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Retirement Security Tops Healthcare Benefits


While Americans feel their finances have improved over the last 5 years, their satisfaction with healthcare benefits and medical costs has declined.

While Americans feel their finances have improved over the last 5 years, their satisfaction with healthcare benefits and medical costs has declined, according to a survey from Towers Watson.

The survey found more US employees are satisfied with their company-sponsored retirement benefits now compared to 5 years ago—perhaps, because they’re focusing on this aspect of life more. According to respondents, a growing number of employees are willing to sacrifice pay for more secure and generous retirement benefits. Fewer would do the same for better health benefits.

The nationwide survey of more than 5,000 fill-time employees found 67% is satisfied with their retirement plans, which is up 13 percentage points from 2009. Most of the increased satisfaction is among younger employees and defined benefited plan participants, according to Towers Watson.

“The economic uncertainty and corporate cutbacks over the past few years have given employees a reason to evaluate their finances and retirement plans,” Kevin Wagner, a senior consultant at Towers Watson, said in a statement. “While more workers are happy with their retirement benefits, they are increasingly concerned that their retirement income will come up short when they exit the workforce. Most employees view their employer plan as their primary retirement savings vehicle, perhaps explaining why they are willing to give up a portion of their paycheck for more generous and secure retirement benefits.”

Only 34% would be willing to pay more for a health plan with more predictable medical costs, but 62% would sacrifice more out of their paycheck for a program with more guaranteed retirement benefits. These numbers differ drastically from 2009, when just 42% would pay more for more predictable health benefits and just 46% of respondents would give up some pay for a guaranteed retirement benefit.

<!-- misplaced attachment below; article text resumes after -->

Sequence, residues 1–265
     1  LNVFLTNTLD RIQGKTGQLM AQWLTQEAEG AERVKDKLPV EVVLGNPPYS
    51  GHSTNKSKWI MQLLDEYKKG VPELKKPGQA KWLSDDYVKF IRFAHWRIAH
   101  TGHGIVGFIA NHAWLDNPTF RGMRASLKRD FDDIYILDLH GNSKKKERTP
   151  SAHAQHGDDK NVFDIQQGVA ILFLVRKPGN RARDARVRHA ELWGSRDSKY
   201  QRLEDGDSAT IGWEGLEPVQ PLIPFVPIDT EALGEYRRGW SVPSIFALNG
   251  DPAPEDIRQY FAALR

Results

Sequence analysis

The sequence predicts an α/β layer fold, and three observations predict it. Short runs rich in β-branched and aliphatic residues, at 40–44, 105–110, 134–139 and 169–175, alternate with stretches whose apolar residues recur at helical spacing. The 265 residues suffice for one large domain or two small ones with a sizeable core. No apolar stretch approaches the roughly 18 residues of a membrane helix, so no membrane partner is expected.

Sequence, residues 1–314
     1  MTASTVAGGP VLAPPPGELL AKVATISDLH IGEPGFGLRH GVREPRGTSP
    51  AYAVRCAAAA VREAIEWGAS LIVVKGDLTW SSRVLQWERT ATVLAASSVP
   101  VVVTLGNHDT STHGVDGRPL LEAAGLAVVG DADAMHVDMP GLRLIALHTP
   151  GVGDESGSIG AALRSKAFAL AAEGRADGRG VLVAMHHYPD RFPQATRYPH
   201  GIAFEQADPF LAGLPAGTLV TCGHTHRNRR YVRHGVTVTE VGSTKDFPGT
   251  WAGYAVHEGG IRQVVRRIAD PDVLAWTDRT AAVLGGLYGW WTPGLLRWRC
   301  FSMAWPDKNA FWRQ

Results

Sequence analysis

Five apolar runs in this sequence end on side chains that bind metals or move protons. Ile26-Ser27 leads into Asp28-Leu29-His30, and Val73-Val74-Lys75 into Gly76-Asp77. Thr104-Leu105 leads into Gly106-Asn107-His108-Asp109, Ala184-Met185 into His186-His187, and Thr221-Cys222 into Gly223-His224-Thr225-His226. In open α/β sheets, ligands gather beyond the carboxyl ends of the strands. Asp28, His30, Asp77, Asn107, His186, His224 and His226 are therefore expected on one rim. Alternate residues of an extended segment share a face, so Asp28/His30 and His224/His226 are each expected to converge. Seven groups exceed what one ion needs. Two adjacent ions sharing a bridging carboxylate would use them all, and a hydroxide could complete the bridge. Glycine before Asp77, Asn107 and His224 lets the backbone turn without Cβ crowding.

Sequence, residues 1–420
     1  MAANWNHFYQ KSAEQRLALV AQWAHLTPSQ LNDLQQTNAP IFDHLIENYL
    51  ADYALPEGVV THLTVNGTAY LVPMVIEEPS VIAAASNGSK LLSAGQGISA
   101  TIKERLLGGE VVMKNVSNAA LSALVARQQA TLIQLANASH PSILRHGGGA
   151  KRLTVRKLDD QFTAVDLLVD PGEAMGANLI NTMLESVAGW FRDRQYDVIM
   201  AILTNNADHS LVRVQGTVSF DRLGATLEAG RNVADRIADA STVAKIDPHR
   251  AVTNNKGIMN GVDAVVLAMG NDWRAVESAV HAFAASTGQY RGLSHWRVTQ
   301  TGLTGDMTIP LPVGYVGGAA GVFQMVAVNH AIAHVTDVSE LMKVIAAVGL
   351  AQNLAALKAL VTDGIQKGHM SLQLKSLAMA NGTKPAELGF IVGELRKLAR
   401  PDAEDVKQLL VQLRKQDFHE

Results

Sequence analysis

David Speier, a senior consultant at Towers Watson, attributed this change in attitude to rising medical costs. As employers shift a larger share of healthcare costs to workers, employees feel more financially stressed.

“While employees rely on and value their health care benefits, they are clearly not happy about their health care costs,” Speier said in a statement. “At a time when costs are consuming a significant share of their household budget, it’s no surprise that employees are less willing to trade some pay for either more generous health benefits or more predictable costs.”

According to 56%, retirement security has become more important over the last few years, particularly for older workers. While 78% of workers age 50 and older are concerned about retirement security, compared to just 39% of people under the age of 40.

The report’s authors note younger employees are also more attuned to retirement planning, which is a change from 2009. Younger employees are more willing to trade off pay for more generous and certain retirement benefits.

“Given employees’ widespread concern about retirement security and readiness, this may be the ideal time for employers to reevaluate their employee benefits and strategies for the future. Addressing employees’ preferences for retirement and health care benefits could help employers provide a more engaging work environment, and at the same time help workers in their efforts to prepare for a comfortable and financially secure retirement,” said Speier.

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